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Detroit Parent Network (DPN) is a key resource for the city's parents and caregivers – and Sharlonda Buckman, DPN's CEO, is a modern-day superwoman on a mission. The Detroit native and current resident is dedicated to driving conversations toward the city's most often overlooked individuals when it comes to education – students and parents. We asked Sharlonda to tell us a little bit about her own experience growing up in Detroit.
"My mother, Gertrude Gillis, raised us with unconditional love and took the time to create for all four of her daughters memorable movie nights, holiday dinners and so many unforgettable moments."
Most rewarding part of your job:
"Being able to wake up each day and fight for social justice and quality education for Detroit families while, at the same time, creating opportunities for individual parents to grow."
As a student, were you as outspoken as you are today?
"No, no. I was very shy and smart, and the other students called me 'lollipop' because of my long skinny body and oversized head! … Grades were always important to me because my parents gave $1 for A's and fifty cents for B's. I always listened to my teachers and did my homework."
What do you see that's different in schools for today's students in Detroit?
"Education used to be more holistic, and we were taught lots of art, physical fitness and other non-academic components. We also went to schools in our neighborhood, and our parents could easily get to the school. Everyone wants to say parents have choice, but choice isn't choice if you don't have access. By access I mean transportation, which is a major barrier for many parents."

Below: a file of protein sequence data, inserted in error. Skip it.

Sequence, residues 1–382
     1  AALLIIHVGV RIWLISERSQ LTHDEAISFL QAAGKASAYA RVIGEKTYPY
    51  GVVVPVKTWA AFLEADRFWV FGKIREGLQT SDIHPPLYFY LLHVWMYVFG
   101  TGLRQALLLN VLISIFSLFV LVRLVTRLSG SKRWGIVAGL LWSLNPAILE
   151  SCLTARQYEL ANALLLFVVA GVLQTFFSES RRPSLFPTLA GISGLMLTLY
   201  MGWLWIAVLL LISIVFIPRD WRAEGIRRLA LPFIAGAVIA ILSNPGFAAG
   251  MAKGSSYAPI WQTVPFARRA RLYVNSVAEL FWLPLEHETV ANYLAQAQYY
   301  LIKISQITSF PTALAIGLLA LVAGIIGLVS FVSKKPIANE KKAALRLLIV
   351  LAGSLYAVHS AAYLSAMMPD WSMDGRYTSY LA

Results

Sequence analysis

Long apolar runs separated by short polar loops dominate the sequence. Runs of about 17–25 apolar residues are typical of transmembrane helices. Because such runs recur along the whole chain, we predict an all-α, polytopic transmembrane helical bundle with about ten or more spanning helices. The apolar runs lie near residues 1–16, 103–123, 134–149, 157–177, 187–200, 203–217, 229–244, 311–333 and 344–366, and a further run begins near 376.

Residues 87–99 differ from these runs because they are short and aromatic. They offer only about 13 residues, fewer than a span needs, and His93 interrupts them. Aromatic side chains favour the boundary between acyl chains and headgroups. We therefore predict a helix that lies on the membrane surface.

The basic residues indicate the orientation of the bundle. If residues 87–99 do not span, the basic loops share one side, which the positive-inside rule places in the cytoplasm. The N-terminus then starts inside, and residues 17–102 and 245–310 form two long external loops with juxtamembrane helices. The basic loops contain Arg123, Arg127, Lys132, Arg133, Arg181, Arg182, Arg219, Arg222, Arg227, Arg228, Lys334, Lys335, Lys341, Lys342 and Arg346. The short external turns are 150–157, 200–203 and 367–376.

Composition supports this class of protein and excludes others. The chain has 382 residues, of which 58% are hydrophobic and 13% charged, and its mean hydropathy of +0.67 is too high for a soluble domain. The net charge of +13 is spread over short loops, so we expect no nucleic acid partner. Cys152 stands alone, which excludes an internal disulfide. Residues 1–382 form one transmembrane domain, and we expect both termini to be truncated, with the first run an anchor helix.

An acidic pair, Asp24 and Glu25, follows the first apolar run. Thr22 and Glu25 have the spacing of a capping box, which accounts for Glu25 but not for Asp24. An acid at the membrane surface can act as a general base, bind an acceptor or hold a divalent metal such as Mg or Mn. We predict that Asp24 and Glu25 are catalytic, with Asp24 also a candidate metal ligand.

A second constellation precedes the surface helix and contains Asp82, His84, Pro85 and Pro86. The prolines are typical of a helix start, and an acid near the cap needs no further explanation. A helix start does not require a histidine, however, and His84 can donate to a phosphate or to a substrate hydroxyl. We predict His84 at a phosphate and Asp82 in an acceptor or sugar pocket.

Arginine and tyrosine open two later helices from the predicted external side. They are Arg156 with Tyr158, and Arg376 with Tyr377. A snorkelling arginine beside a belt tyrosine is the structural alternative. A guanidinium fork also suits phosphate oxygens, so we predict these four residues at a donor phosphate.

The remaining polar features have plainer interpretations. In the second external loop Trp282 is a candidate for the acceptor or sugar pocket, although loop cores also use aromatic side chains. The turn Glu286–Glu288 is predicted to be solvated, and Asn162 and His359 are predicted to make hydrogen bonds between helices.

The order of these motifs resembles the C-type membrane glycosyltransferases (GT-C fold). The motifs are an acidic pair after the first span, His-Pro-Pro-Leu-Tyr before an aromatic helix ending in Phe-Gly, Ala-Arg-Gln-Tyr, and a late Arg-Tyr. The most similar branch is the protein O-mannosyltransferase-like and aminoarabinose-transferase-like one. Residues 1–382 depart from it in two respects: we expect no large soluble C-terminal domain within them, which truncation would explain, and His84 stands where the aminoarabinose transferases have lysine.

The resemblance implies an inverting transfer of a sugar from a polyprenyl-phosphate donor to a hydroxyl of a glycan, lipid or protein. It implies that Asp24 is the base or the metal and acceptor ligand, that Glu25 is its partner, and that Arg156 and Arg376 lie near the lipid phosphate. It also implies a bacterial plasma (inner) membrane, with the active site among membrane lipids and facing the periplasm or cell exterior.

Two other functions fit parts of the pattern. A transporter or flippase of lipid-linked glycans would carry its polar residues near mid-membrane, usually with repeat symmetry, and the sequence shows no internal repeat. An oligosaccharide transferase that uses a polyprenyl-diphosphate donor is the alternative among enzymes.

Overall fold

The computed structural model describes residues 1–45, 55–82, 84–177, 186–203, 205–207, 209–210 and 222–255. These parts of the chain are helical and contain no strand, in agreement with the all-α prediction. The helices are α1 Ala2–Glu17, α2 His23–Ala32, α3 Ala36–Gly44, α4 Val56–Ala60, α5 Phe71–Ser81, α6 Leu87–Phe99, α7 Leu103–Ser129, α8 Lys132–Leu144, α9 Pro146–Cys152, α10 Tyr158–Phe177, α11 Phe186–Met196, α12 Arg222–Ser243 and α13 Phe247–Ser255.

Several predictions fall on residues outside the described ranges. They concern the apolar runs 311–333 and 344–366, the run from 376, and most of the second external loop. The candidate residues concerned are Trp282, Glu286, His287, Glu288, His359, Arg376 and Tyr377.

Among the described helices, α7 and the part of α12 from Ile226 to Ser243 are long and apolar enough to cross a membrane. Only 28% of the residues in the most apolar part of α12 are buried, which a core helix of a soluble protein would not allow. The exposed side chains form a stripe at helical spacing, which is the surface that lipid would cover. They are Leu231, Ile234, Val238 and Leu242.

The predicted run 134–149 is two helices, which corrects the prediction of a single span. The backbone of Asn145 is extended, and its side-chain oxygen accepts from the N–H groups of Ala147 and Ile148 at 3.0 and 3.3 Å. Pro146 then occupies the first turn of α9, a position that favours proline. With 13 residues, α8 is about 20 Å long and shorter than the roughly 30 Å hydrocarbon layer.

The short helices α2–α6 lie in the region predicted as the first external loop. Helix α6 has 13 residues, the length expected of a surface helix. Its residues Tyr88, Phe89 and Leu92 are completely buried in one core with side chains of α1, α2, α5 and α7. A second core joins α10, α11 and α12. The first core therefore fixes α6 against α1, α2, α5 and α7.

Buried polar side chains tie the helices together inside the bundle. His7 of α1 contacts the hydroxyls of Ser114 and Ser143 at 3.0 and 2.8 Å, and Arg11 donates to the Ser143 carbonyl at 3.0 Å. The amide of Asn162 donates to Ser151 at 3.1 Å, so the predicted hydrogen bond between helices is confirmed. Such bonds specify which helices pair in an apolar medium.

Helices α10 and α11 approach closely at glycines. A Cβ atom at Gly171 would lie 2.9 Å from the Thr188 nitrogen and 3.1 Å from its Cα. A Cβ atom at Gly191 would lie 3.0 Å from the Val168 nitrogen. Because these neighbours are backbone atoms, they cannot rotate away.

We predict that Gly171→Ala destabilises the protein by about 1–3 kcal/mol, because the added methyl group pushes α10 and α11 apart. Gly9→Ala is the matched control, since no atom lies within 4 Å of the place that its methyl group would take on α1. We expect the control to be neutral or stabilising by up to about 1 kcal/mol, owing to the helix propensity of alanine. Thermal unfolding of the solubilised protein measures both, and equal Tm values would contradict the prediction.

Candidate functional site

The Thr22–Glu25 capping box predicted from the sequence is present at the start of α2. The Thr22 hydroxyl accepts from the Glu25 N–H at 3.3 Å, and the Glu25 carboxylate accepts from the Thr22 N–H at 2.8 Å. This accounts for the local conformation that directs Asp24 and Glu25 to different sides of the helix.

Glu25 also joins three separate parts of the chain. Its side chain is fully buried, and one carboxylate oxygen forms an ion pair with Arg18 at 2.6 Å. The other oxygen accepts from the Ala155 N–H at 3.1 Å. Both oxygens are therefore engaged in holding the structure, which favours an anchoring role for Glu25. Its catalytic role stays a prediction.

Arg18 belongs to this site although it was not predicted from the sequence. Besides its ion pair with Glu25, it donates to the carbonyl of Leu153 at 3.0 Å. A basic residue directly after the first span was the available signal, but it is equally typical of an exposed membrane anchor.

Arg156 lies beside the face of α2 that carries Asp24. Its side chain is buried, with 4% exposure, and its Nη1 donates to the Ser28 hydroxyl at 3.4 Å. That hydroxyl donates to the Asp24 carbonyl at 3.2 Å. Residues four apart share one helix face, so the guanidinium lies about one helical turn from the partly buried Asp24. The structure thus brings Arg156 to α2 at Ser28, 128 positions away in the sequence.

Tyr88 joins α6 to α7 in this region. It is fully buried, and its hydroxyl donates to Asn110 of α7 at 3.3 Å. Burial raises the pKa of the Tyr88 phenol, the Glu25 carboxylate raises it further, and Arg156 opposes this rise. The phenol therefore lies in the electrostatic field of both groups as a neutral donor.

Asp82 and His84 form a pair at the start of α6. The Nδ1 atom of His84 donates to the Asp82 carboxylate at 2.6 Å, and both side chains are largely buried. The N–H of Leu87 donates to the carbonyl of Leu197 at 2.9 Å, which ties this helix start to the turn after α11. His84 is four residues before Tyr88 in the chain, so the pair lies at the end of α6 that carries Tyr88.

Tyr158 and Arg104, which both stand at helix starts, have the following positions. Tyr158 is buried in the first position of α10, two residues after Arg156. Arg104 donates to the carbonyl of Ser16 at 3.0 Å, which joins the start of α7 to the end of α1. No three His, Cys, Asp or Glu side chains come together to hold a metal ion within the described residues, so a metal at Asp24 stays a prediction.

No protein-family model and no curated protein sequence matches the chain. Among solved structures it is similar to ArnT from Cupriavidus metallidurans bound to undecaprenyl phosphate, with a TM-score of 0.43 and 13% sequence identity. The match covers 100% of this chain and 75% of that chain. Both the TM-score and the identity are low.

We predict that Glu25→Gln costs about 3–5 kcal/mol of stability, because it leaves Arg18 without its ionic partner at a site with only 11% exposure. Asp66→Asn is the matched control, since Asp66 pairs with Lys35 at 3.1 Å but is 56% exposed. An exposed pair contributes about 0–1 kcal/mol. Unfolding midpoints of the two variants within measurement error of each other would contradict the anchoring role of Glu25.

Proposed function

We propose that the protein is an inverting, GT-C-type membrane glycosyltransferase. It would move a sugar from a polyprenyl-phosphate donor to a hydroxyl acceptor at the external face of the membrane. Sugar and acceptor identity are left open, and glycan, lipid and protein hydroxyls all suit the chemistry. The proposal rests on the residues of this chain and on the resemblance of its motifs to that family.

Do you feel Detroit's educational landscape, with its open marketplace structure, works for families?
"No, I don't believe it's working for many families. The market of schools available for our children is unregulated. Real substantive teaching and learning has taken a back seat to political and budget concerns. This is not good for our kids, and the current flood of schools with no track record dilutes the student pool for our best and highest performing schools."
What is DPN's role in repairing or addressing the challenges?
"Our mission is to be that constant reminder (that) … parents are the key ingredient to the success of our children. We have to show our children through action and deeds that they're truly our legacy and that education is vital to their role as our future leaders."
What does DPN offers families to help them develop their voice and be empowered to take action? "We're very proud to serve 20,000-plus families through programs such as Project Graduation, helping parents help their students navigate the complicated and costly process of applying to college; Pathways to Literacy, a new initiative serving parents of children ages birth to 5 promote literacy through interactive play, and the Board Fellowship Program, a partnership with the Detroit Regional Chamber recruiting parents and business leaders to serve on school boards. Our staff and volunteers present daily workshops and programs at seven Parent Resource Centers in Detroit Public Schools, three Parent Empowerment Centers in Education Achievement Authority Schools, and our Citywide Parent Resource and Training Center."
How do we make Detroit a better place to live and raise families?
"I'd love to see city government, community members and businesses take the lead in stabilizing education, neighborhoods and economic development in the next 24 months. Detroit needs to harness education as a primary economic development strategy to grow business and job opportunities and show the world that Detroit is a viable option for investment and families."
What's your pet peeve when it comes to non-Detroiters' perceptions of Detroit?
"My biggest pet peeve is the question itself. Too many people move just a few miles outside of the city and think their geographic genealogy has changed. It hasn't, as you still came through Detroit and are part of Detroit's success and failures. … Many of us still remain in Detroit because we will not submit to the notion that Detroit is dead."